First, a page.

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Why You Need a Project Management Dashboard

Why You Need a Project Management Dashboard

The project management dashboard are your eyes into the overall workings of the project. It provides an at-a-glance view of the KPI, or Key Performance Indicators, of the project. Think of it as a progress report at the tip of your fingers.

The dashboard offers views of cost, budget, time, health, workload, progress, risk, issues and changes, plus so much more, in the project. All those areas are collected on one page, and that page is populated by graphs that record the data visually for a project manager to easier digest and get a snapshot of where they are in the lifecycle of the work.

A project manager needs a bird’s-eye view of the project, and the project dashboard offers the ideal perspective, which gives a leader all the pertinent information needed to make the right decisions. The free project management dashboard is a perfect document for collecting all the various aspects of a project so that you can have this necessary insight into its progress.

The project management dashboard can also be used to create specific requests. Focus on one of the many sections of the project and generate a graph from the dashboard for a visually compelling presentation. Hard numbers are fine, but if you’re trying to communicate, it’s best to have an engaging story, and a presentation with visual aids such as the graphs made by your dashboard is more likely get the point you want across clearly and quickly.

Download the Excel Template


How to Use a Project Management Dashboard

Once you’ve downloaded your project management dashboard template, it’s time to get the project information into it so you can now profit from all the potential benefits of the tool.
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1. Tasks

Your project is made up of tasks. Here is where you want to list them, all of them. Once that data has been imputed into the template, you’ll be able to color-code it to represent whether that task is complete, in progress, not started or overdue. The pie chart will also show you what the grand total is, and note the percentages, for those of you who prefer a hard figure.
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2. Workload

Next, you’ll need to address the workload. This bar chart is composed of every team member, with a line item for the group as a whole. Their progress is color-coded to include if the work is complete, in progress, not started or overdue. You can of course customize the coding to match your project and the workload you need tracked.
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3. Task Lengths

Having a task list and incorporating it into the tasks chart in your dashboard is a good start, but adding another graph to note the duration of the tasks will help to point out what is taking too long and requires more resources to complete. Here is where that information is stored.
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4. Cost

The budget is one of the most important parts of project planning, and when you’re in the midst of your project, it’s crucial to make sure those estimates you made are accurate. If you don’t have a chart like this cost one in which planned versus actual budget figures are calculated, then you don’t have a financial tether on your project and it will go cost you money and possibly the very viability of the project itself.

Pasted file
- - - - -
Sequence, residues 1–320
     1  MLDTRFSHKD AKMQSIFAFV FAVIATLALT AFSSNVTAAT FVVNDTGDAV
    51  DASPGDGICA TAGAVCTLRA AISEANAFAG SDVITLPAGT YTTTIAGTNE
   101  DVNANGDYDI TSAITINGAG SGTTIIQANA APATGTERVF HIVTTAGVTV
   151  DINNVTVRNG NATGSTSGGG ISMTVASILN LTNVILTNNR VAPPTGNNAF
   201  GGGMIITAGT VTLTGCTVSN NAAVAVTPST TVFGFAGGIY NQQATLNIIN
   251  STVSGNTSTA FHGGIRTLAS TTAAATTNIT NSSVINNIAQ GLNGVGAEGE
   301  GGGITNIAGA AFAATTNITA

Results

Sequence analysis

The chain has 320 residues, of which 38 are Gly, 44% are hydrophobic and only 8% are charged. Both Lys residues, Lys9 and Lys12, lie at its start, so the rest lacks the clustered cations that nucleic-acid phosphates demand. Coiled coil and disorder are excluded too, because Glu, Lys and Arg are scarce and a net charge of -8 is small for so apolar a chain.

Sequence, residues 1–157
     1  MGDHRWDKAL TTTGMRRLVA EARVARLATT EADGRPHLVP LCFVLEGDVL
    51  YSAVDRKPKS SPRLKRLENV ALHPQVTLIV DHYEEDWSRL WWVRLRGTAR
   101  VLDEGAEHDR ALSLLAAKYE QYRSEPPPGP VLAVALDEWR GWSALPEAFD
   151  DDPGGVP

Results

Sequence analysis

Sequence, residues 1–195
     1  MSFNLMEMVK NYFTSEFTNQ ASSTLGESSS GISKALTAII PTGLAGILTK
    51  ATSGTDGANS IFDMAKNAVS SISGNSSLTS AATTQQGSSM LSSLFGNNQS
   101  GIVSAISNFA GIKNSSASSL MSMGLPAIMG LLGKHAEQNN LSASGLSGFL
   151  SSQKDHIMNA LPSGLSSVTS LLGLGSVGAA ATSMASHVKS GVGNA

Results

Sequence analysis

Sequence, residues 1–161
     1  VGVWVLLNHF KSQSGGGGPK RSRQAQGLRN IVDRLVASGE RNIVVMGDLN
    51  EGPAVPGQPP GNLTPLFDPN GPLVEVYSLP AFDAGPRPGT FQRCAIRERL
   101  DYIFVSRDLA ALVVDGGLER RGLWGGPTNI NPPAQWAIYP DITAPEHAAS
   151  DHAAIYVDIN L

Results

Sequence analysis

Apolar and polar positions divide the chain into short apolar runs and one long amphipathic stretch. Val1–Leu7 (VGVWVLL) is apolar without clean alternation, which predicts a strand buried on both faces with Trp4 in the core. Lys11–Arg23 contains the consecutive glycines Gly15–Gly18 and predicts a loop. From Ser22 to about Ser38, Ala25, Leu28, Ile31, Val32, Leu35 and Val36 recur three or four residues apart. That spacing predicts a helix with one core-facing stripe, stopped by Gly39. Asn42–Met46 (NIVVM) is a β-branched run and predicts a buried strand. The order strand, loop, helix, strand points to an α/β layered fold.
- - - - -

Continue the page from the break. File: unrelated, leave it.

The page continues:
How to Import a Project Management Dashboard Template

The free project management dashboard is a great tool, for all the reasons stated, but it can be so much more when part of a robust project management software program like ProjectManager.com. Then how do you import this document?

Well, you don’t. However, if you’re managing a project from a group of Excel spreadsheets, where the project management template is but one of many, or if you’ve been managing the project with Microsoft Project, then you’re in luck.

ProjectManager.com has been designed to convert these static documents into its system and in so doing give you an interactive and collaborative platform that gives you more control and insight into the project.

Begin on the ProjectManager.com homepage and click on the dropdown menu on the upper left-hand corner of the page. Then scroll down to the import selection, hover over it and another window will popup. Chose what you want to import.

Once the Excel documents or Microsoft Project has been imported as a new project in ProjectManager.com, your data will populate the dashboard in our software. It’s as easy as that!

How to Use a Project Management Dashboard in ProjectManager.com

Once your data is in ProjectManager.com you will be able to do more than merely use a formula to add up column amounts. For one thing, you’ll not have to take the time and effort to manually create reports. Just filter the information to customize the dashboard chart you want and then with a click of a button it’s shared as an email attachment or across your team and/or stakeholders in a variety of formats.

Another advantage of ProjectManager.com’s dashboards is that they calculate the data in real-time. That’s because your team is using the cloud-based platform to input their tasks as soon as they complete them, updating their timesheets, which automatically brings the dashboard up-to-date as well.

When you use a dashboard in ProjectManager.com, your data is always up-to-date. You don’t need to waste valuable time creating a report for a presentation. Data is easily shared via the web or mobile devices. You can even share that same live data in your presentations.

Not to mention that the dashboard improves the impact of those presentations. It offers a more visually engaging presentation and creates a clear and immediate summary of the data you’re presenting. It merges utility, usability and beauty, and can be easily customized.